The result is a myriad of charts, graphs, data plots, any assortment of visual representations of all this business intelligence data. The focus of NLG in this scenario is to summarize that visual information and apply it to whatever goals are determined by the business. In plain English (or whatever the preferred language might be).

Next Event

Next Event is more of a placeholder, where this narrative is one of a series, and that series is ultimately the whole story. The next event is usually the point at which the "what does it mean" part of the narrative could change. It's used when what happens next is as important or even more important that what just happened.

Example: Team X will play Team Y on Monday, and a victory there would clinch the division title.

Like the groupings in our NLG lede, each category is totally optional and you can have more than one scenario from more than one category in your ending. So once you break down all viable potential endings and prioritize them, you can also group them into primary and secondary endings.

In our Team X example above, note that you have both a greater goal (championship) and a next event (progress-changing outcome) in a single sentence.

The Middle: Why Did It Happen

Of course, all of this context is going to be constrained by the length of the narrative.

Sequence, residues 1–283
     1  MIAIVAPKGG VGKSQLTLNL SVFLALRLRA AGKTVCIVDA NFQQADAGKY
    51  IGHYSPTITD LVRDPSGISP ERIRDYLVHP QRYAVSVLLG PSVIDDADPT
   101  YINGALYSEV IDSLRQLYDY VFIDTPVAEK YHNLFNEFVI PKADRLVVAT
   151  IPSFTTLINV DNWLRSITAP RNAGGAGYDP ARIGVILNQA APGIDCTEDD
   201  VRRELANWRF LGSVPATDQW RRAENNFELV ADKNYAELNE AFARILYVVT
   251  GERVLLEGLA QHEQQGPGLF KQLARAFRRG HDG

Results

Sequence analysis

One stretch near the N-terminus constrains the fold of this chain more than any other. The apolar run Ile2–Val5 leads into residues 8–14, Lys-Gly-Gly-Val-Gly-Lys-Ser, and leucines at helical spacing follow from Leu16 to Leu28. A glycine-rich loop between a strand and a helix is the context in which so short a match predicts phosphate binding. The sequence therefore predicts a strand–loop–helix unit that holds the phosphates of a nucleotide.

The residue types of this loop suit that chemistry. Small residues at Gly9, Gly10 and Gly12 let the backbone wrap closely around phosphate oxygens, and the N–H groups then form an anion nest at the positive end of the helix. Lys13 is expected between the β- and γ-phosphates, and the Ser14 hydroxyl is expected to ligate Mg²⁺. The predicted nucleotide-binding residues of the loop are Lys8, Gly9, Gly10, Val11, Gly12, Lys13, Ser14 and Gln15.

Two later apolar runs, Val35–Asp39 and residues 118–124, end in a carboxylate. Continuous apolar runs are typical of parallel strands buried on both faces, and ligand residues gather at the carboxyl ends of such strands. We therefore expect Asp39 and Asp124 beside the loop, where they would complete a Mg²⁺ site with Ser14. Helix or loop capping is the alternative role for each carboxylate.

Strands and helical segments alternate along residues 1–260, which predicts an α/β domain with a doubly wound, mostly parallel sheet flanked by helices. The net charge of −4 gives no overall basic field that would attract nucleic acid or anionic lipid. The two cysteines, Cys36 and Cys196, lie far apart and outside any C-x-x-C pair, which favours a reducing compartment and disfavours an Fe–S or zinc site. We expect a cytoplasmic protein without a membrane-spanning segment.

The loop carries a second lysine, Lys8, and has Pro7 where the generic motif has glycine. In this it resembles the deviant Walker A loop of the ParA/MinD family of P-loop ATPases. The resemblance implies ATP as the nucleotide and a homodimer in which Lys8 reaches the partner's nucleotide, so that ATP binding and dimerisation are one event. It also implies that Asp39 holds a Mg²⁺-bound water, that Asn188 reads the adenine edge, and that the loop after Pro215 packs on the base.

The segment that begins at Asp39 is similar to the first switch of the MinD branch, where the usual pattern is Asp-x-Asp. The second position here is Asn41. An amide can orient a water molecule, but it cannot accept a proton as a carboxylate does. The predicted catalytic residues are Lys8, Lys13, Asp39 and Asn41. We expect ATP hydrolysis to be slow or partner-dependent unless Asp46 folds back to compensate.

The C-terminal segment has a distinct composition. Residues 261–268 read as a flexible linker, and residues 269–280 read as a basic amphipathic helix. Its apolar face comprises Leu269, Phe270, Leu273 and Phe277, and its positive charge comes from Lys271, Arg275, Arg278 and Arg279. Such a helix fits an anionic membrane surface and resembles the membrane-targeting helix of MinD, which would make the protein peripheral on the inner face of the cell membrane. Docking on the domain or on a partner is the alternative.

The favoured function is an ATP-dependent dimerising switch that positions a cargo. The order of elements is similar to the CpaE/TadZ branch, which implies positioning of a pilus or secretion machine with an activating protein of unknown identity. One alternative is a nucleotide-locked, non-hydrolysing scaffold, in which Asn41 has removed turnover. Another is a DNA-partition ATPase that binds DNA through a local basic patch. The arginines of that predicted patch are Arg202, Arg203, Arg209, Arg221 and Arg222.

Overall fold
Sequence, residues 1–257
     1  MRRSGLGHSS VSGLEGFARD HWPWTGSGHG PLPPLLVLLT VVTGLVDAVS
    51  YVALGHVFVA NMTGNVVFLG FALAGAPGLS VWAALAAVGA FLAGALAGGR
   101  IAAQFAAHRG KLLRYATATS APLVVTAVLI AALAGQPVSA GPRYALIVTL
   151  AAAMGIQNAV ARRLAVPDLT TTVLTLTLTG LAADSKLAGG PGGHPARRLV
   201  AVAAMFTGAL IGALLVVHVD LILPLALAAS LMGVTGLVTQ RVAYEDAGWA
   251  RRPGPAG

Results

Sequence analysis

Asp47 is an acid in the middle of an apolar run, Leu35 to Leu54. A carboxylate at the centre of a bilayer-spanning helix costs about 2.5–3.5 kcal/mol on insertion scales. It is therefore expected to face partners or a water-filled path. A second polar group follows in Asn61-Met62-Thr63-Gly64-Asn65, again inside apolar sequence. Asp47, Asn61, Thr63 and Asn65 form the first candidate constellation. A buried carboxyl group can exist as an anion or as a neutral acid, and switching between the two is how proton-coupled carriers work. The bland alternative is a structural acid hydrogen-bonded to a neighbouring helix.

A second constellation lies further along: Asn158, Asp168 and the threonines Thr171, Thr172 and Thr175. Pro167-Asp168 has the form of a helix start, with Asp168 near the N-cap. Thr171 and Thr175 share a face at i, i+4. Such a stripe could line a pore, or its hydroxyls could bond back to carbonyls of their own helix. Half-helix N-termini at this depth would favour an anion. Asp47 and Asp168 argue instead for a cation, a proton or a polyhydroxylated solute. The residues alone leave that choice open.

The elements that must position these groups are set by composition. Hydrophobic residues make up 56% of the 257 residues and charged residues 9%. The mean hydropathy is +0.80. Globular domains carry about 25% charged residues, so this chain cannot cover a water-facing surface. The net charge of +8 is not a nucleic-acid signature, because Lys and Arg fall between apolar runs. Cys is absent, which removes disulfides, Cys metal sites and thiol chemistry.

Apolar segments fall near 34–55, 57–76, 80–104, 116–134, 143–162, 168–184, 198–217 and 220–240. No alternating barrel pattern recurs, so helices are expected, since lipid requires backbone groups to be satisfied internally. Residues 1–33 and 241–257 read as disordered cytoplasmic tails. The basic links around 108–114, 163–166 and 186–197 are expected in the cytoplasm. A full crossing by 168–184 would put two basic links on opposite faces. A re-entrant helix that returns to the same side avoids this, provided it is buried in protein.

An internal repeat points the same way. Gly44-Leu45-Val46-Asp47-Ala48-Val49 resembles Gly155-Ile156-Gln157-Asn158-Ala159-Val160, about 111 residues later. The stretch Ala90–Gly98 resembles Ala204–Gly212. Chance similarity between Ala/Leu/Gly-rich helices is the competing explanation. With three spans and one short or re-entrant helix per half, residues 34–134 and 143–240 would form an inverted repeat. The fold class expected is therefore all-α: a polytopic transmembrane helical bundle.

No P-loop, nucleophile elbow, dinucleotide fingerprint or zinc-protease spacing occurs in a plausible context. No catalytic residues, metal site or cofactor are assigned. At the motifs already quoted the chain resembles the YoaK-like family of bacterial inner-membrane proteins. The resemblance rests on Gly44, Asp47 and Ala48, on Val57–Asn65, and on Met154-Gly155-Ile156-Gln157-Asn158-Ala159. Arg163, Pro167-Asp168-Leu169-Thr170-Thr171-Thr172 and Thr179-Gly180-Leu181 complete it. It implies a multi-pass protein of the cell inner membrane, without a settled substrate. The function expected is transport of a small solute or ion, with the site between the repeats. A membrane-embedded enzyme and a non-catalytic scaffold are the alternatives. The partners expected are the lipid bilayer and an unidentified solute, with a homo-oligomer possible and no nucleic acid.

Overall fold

If you're working with a single sentence, you might just have the lede. If you've got two sentences, you might squeeze in a lede and an ending. If you've got four paragraphs, you'll need to bulk up the middle.

If the lede is "What Just Happened" and the ending is "What Does It Mean," then the middle is "Why Did It Happen." The middle should include, at the very least, the most relevant supporting information for each data point determined in the lede.

Here's an updated example from the last post:

ABCD soared 3.5% yesterday to close at $52.25, a new 52-week high. The stock also saw weekly gains of 6.2%, marking its best week since 2012.

Our lede contains the basic necessary information as well as a delta lede (3.5%) and two record ledes (52-week high and best week).

Our middle should include any relevant supporting information for those ledes.

The last time ABCD hit a 52-week high was January 8th, 2013, when the stock closed at $52.02. The better-than-average weekly performance is in line with the rest of sector X, which as a group rose 5.5% this week, the best week for the sector since 2014.  

But we can also add some additional information that may not be directly lede-related.

Trading volume for ABCD has been falling over the last several weeks, however, and reached a six-week low yesterday with just under 500K shares changing hands.

Finally, we can close with a next event and very subtle call to action.

As earnings approach on Tuesday, analysts remain mixed on ABCD, with two giving the stock a buy rating, four hold, and one sell.

Note that any stated information in either the middle or the ending should have some unique trigger. For instance, if this is a daily stock report, then we don't want to mention a relatively static analyst ratings data point. We may only do this shortly before an earnings release or if any of those ratings change.


That's just another decision in a seemingly endless list of decisions to be made when creating NLG. Once the context layer is outlined, we'll end up with content that is concise, useful, and sometimes even entertaining.